, , , , , ,

The Oresteia

By Aeschylus

HOME, 28 October 2015

Simon Trinder (Orestes) with The Furies in The Oresteia. Photo by Graeme Cooper.

Simon Trinder (Orestes) with The Furies in The Oresteia. Photo by Graeme Cooper.

This powerful production uses Ted Hughes’ chiselled, perspicacious version of Aeschylus’ blood-shrouded trilogy.

He was an interesting fellow, this Aeschylus. An earlier play, Persae (472 BCE), presented a sympathetic portrait of the Persians, the Greeks’ great adversary in war; a foe against whom Aeschylus had fought some years earlier. In The Oresteia a lot of the action takes place in Argos, the Argives being a people both Egyptian and Greek. Danaus features in their foundation myth.

At the start, we have a society dealing with the aftermath of war. Troy has fallen and the warriors, triumphant and/or trauma-stricken, return home. Among them is Agamemnon, but what awaits him is not a triumphal procession but bloody death at the hands of his wife Clytemnestra. She no longer wants to know him. More violence follows. They aren’t kind of heart, those Furies.

We had a strong cast, led by Gary Shelford (Agamemnon) and Lyndsey Marshal (Clytemnestra), among whom Simon Trinder (Orestes) in particular caught the eye. What was special about this production, though, was that you became immersed in the drama from the very start. There was an immediacy; it was a matter of quality, not quanta. Right from the get-go, you were an involved witness in the unfolding tragedy, if not quite a member of the chorus.

While watching the drama unfold – and this was likely a consequence of Blanche McIntyre’s approach, whether intended or not, I don’t know – I thought of how local it all was. Reflecting back, it struck me that the action on stage undercut all the talk of justice at the end. These people were family, neighbours (as in Jedwabne in 1941), and the (village) violence arose from someone wanting more, just as it might come out of a petty squabble. Or occur as a matter of settling old scores, a grievance or insult that preys on the mind. War and tyranny created the opportunity for this violence to escalate. It is significant that the gods are the ones who at the close, from their exalted vantage point, come out with all this stuff about justice. Won’t ever happen in this world: revenge will always trump reconciliation.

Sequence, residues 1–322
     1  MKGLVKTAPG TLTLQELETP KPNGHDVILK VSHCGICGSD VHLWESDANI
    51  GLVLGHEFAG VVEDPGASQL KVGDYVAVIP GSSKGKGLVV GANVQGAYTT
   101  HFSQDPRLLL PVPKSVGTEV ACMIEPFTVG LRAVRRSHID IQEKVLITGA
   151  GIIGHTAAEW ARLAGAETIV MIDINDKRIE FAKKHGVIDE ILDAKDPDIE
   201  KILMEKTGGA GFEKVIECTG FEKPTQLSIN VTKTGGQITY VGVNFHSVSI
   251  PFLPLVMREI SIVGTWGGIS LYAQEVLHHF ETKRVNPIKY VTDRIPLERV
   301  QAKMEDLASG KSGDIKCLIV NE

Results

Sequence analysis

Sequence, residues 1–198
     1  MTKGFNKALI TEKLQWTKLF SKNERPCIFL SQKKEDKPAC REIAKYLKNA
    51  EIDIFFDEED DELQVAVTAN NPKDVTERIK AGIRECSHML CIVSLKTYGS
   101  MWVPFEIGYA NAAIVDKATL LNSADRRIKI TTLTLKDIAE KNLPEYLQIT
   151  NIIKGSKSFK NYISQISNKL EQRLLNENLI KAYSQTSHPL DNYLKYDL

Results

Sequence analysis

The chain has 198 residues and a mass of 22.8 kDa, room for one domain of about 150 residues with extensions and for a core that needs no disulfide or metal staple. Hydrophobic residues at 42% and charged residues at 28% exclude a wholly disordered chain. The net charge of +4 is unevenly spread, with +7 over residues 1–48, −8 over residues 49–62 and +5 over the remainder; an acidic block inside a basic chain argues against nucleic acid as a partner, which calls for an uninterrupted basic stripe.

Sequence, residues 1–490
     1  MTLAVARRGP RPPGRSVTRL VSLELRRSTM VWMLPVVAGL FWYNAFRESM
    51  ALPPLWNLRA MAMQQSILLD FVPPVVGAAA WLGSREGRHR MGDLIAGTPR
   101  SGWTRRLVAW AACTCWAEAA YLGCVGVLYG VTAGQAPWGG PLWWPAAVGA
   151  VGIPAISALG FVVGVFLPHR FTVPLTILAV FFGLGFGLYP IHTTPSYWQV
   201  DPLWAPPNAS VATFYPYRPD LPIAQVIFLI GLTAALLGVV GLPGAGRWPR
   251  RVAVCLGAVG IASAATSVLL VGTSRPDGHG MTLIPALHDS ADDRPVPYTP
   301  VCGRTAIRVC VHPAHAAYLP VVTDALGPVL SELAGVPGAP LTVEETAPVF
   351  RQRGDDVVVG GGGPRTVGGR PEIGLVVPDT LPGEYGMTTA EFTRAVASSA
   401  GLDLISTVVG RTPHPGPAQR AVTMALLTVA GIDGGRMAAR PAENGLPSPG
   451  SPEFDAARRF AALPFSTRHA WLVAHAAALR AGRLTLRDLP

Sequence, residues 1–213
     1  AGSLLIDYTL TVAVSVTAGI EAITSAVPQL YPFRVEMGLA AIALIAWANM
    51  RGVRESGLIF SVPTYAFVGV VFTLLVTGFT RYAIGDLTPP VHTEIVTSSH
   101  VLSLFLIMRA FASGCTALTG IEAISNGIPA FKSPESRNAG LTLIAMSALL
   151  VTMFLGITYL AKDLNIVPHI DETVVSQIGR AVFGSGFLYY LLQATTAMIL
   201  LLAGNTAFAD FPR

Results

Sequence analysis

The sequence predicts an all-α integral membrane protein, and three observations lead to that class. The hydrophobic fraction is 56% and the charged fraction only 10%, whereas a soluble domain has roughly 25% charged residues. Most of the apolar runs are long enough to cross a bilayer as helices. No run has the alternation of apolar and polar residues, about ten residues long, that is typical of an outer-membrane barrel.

Classics are always topical, almost by definition. The Oresteia is a classic but not an uplifting one. That’s because its theme, the problem of how we keep past violence in the past, is one we are hardly ever likely to solve.

The Oresteia is showing at HOME until 14 November, further details can be found here.